Sushil Kumar sent to six-day police custody in murder case

A Delhi court sent Olympic medallist Sushil Kumar to six days' police custody on Sunday for interrogation in connection with the killing of a fellow wrestler.

Double Olympic medalist Kumar was physically produced before the court, following which the police was allowed to interrogate him for 30 minutes.   -  PTI

A Delhi court sent Olympic medallist Sushil Kumar to six days' police custody on Sunday for interrogation in connection with the killing of a fellow wrestler, saying the allegations against him are serious in nature and that no one is above the law.

Kumar and his associates allegedly assaulted wrestler Sagar Dhankar (23) and two of his friends, Sonu and Amit Kumar, at the Chhatrasal stadium here on the intervening night of May 4 and 5. Sagar succumbed to his injuries.

Kumar was arrested along with co-accused Ajay from outer Delhi's Mundka on Sunday. The two-time Olympic medallist was on the run for nearly three weeks.

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Metropolitan Magistrate Divya Malhotra allowed the custodial interrogation of Kumar, who was produced before the court by the police, which sought 12 days of custody to quiz him.

Allowing the police to interrogate Kumar for six days, the magistrate said, "No one is above law and law treats everyone equally. Our Constitution guarantees the right to life and liberty to all persons subject to exceptions. The allegations against the accused persons are grave in nature."

The court noted that the involvement of a large number of people, including members of notorious gangs from outside Delhi, is suspected in the case and they are yet to be arrested.

"The CCTV installed at the place of incident has allegedly been tampered with and there is no sign of its DVR. All these points require a detailed investigation by the police. As such, in the interest of justice, I deem it appropriate to allow the application to the extent of six days," the magistrate added.

During the course of the proceedings, Additional Public Prosecutor Atul Shrivastava told the court that Kumar's custodial interrogation was required to unearth the conspiracy and motive behind the crime. He said the weapon used in the commission of crime, Kumar's mobile phone, SIM cards and the clothes he wore during the brawl have to be recovered. A rent agreement supposedly executed between the wife of the accused and one of the victims, Sonu, is also to be recovered, he added.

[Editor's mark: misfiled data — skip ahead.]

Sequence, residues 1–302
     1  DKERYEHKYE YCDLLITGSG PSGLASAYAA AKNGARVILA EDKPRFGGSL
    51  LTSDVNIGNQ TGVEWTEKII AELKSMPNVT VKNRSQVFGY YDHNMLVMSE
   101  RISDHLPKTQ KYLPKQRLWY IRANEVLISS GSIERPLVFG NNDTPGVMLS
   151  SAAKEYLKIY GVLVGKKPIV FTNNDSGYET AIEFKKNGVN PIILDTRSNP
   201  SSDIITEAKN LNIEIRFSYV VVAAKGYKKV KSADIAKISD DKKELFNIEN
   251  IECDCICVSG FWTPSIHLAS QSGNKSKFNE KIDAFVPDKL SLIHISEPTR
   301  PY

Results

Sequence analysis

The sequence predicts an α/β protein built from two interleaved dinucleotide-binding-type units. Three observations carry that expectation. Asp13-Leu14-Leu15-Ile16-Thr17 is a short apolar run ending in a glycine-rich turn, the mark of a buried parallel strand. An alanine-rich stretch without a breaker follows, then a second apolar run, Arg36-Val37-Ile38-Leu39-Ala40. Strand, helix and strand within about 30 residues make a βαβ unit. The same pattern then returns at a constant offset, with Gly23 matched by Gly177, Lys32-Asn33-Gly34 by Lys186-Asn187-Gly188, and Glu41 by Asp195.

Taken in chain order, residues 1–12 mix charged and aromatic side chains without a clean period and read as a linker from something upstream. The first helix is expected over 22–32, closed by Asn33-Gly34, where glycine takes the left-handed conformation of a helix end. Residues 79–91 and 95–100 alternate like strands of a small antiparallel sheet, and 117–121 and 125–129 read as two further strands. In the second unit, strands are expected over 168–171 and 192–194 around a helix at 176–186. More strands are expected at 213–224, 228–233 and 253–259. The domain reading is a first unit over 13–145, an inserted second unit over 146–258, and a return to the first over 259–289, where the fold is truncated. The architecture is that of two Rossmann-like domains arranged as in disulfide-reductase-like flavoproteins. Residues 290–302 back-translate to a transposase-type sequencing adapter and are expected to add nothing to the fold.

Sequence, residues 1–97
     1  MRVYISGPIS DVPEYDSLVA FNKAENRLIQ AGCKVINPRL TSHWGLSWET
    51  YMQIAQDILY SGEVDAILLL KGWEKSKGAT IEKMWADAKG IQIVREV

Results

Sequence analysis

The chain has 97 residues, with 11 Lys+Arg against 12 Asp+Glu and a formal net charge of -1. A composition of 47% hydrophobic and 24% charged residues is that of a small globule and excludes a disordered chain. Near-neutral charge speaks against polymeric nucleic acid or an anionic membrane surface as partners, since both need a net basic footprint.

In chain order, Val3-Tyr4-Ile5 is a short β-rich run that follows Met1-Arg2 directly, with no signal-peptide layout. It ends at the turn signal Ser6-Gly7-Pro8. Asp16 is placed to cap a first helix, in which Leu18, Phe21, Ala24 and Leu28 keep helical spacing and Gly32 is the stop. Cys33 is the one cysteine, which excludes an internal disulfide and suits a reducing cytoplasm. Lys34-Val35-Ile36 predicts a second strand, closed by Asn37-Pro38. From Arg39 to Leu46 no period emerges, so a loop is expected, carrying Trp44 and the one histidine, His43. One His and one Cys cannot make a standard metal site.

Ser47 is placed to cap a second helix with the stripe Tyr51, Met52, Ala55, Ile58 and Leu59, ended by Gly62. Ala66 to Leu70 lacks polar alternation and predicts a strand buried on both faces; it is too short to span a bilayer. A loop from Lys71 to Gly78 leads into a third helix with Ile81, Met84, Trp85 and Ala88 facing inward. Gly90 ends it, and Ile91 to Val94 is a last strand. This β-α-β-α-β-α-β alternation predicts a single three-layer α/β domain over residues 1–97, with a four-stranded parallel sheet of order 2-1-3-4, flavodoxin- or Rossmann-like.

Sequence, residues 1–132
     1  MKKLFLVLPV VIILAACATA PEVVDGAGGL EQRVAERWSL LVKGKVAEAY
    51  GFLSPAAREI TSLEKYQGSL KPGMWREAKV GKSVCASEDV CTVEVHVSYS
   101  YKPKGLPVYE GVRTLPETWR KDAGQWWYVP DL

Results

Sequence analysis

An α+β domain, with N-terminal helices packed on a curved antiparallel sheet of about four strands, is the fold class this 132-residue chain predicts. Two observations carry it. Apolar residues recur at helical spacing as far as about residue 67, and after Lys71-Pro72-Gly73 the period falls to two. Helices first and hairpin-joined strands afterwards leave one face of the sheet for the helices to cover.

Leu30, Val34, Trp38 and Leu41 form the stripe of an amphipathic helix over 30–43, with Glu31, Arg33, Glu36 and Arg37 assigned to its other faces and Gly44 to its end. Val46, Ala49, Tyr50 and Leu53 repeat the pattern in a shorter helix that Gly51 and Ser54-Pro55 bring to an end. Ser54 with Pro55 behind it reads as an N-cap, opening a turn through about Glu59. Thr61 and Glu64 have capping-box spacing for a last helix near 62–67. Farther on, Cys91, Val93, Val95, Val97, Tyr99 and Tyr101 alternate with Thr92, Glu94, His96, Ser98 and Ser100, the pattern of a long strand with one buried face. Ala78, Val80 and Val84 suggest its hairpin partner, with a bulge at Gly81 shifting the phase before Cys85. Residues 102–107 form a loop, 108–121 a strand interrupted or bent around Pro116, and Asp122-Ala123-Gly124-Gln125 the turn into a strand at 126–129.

Shrivastava said the arrest of the other accused in the case has to be made and their specific role and Kumar's association with any gang of criminals also have to be ascertained.

"He (Kumar) has to be taken to the scene of crime. He was the Officer on Special Duty (OSD) of the stadium and its cameras were found to be dismantled. He took away the DVR, which has to be recovered," the additional public prosecutor told the court, seeking Kumar's custody.

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"No one is above the law. The burden of proof is on the prosecution. We just have these initial days to prove the case. We need to take him to different places, even outside Delhi, by following COVID-19 guidelines," he added.

Kumar's counsel Vikram Singh Jhakar opposed the remand application and argued that his client's custodial interrogation is not required as the police have already made recoveries in the case. He said Kumar is a celebrated wrestler and not a notorious criminal who may flee from justice.

"Rather, he has clean antecedents and has been falsely implicated in the case only to extort money. Moreover, both the accused are ready to cooperate in the investigation," Kumar's lawyer told the court.

The Delhi Police lodged an FIR in the case under sections 302 (murder), 308 (culpable homicide), 365 (kidnapping), 325 (causing grievous hurt), 323 (voluntarily causing hurt), 341 (wrongful restraint) and 506 (criminal intimidation) of the Indian Penal Code (IPC).

The FIR was also registered under sections 188 (disobedience to order by public servant), 269 (negligent act likely to spread infection of disease), 120B (criminal conspiracy) and 34 (common intention) of the IPC and various sections of the Arms Act.

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